UB40 v UB40 in Dubai: the brothers speak out over reggae grudge match

A reggae grudge match will be played out in the UAE as two versions of the seminal group UB40 are due to play in Dubai on Friday and in April.

Ali Campbell.  Dominic Favrem / AP Photo
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A reggae grudge match will be played out in the UAE as two versions of the seminal group UB40 are due to play in Dubai on Friday and later in April. At the centre of the dispute are the groups’ two lead singers, who also happen to be brothers. Fronting UB40 at the Big Grill festival in Emirates Golf Club is Duncan Campbell. Meanwhile, his younger sibling Ali leads the group UB40 Reunited, who will take to the Irish Village stage on April 3. Both are adamant their bands are the real deal.

Duncan Campbell from UB40

He has been the lead singer of UB40 since 2008, but the 55-year-old acknowledges he is still viewed as “the new guy” by the fans. That said, he is not entirely a new entity.

Duncan is the older brother of the former lead singer Ali (by 10 months), who quit the band acrimoniously in 2008 citing a management dispute.

Duncan has previous musical experience, having performed in a folk group as a child with his brothers and father.

His addition did not cause a major overhaul to UB40’s sound.

While UB40’s latest album, last year’s Getting Over the Storm, may have them reggae-fying standard country and western songs (such as Vince Gill’s If You Ever Have Forever in Mind and The Allman Brothers’ Midnight Rider), Duncan’s voice continues the sweet and easy croon employed by Ali in the band’s hits Kingston Town and Red Red Wine.

The approach has not been welcomed by his predecessor, ­however.

Duncan admits that Ali has yet to see him perform with the group.

He slams Ali’s decision to start a renegade UB40, claiming it wouldn’t have happened if Ali’s post-band solo career hadn’t flopped.

“He is just a very unhappy man. Had his solo career gone well I am sure we would have been supporting him at major venues and we would have all been great friends, but that didn’t happen, I’m afraid,” he says.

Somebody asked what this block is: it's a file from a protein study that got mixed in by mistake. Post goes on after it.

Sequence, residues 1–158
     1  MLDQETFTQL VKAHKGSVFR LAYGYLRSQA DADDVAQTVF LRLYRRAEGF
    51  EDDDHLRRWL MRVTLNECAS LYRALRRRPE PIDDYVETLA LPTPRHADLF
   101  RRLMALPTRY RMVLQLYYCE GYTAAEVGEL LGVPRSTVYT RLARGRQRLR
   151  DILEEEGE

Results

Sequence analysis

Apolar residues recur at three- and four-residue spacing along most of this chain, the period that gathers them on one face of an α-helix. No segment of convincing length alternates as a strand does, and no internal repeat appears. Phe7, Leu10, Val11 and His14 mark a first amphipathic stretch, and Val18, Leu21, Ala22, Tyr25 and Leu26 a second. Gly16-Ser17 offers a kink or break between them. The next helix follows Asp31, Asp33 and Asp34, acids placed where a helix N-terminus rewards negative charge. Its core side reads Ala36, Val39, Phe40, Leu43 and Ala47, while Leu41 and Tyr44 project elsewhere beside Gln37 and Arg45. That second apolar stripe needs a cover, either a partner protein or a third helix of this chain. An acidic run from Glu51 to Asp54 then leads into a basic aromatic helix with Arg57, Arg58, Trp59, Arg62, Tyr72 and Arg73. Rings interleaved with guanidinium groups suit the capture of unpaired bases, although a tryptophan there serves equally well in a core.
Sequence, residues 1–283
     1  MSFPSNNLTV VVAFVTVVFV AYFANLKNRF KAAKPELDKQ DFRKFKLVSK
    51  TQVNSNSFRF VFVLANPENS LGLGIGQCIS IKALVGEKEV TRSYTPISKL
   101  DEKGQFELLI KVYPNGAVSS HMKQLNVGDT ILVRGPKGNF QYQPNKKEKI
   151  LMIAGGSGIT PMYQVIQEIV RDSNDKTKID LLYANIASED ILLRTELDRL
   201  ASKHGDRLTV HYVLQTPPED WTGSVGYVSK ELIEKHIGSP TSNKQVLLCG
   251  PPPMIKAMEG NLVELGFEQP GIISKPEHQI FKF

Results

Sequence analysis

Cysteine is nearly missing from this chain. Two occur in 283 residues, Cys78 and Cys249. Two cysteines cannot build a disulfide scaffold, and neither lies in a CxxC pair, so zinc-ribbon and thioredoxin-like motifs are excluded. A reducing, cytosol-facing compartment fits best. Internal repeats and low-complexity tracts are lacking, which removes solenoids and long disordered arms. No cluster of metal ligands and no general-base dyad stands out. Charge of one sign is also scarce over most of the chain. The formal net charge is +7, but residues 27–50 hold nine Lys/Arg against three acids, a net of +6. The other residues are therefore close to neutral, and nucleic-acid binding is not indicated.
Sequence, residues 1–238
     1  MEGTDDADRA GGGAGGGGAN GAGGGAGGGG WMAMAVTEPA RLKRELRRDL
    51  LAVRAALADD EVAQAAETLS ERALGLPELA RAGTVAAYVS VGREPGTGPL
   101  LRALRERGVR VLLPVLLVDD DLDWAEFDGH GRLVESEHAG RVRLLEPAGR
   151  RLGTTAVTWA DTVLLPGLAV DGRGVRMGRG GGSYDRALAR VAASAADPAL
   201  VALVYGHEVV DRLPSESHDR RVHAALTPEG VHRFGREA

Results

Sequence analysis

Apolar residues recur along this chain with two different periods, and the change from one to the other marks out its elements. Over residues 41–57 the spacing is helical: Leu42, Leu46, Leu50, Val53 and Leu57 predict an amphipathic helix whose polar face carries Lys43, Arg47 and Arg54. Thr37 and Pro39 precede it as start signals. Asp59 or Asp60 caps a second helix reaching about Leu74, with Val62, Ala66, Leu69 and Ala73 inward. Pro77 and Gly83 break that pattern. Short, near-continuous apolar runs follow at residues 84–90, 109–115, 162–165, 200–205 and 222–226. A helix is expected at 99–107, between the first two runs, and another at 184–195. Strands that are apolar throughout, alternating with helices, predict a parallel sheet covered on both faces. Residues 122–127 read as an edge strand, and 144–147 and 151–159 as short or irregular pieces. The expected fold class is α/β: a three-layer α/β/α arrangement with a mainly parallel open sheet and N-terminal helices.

“He now seems to think he needs the name back and he wants to launch his own UB40. It’s like somebody who got divorced years ago and he realises he wants his wife back.”

Ali Campbell from UB40 Reunited

The poster for his Irish Village Show on April 3 may read UB40, but Ali Campbell is quick to correct that it is actually UB40 ­Reunited.

While the deft name change might have been made to avoid legal action, Ali says it also serves a deeper purpose: they are the real deal.

He created a band in response to the other band’s latest album, the country and western-inspired Getting Over the Storm.

“That was absolutely terrible. It was a country album and it was not reggae at all.

“I decided to form this band to rescue the legacy of UB40 that I helped start, which is to perform and promote reggae. I got a deluge of people telling me how disappointed they were and I felt that I had to do something about it.”

To underscore the point, he says the UB40 vocalist Astro (Terence Wilson) and the keyboardist Mickey Virtue ditched the group to join Ali after the disappointment with the overall band direction.

“Astro described UB40 now as a rudderless ship,” Ali says.

“Especially after the new album. I can’t see Astro in a Stetson hat and boots on stage, a Rasta man like him yelling ‘yeehaa’ on stage.”

As well as a string of live shows “where we play all the UB40 songs you love”, Ali says the band will hit the studio to record a new album.

As for any members of UB40 considering joining his band, Ali says the door has firmly closed.

“We are perfectly happy as we are,” he says.

“We have got a brand-new album coming out and that’s the direction that we are going in.”

UB40 will perform on Friday at the Big Grill festival at Emirates Golf Club. Doors open at 2pm. Tickets cost Dh350 from www.platinumlist.net

UB40 Reunited perform at the Irish Village on April 3. Tickets cost Dh175 from www.timeouttickets.com